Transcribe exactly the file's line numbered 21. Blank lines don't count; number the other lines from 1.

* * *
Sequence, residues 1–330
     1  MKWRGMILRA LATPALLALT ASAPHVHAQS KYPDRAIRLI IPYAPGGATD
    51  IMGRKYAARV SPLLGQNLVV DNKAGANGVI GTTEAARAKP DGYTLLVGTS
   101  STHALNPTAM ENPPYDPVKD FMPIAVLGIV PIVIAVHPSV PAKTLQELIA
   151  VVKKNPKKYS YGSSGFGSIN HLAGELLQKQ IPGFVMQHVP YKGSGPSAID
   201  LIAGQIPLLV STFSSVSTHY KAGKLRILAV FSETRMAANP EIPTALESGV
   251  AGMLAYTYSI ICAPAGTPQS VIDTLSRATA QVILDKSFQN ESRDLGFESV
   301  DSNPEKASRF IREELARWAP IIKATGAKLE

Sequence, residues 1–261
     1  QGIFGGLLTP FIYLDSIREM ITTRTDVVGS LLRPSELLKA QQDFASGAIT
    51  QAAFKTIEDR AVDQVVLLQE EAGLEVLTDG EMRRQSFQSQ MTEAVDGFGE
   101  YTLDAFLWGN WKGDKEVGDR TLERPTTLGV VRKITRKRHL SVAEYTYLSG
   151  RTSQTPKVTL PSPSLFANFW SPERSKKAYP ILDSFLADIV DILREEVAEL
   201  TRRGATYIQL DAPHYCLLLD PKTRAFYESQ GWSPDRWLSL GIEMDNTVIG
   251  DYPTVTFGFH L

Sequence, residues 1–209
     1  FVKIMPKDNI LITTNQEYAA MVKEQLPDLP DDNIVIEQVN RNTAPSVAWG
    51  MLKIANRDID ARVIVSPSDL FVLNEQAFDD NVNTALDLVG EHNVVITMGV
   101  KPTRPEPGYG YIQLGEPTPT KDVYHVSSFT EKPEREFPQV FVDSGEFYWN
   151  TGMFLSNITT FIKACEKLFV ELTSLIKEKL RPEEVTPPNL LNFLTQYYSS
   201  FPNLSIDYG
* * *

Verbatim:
   201  FPNLSIDYG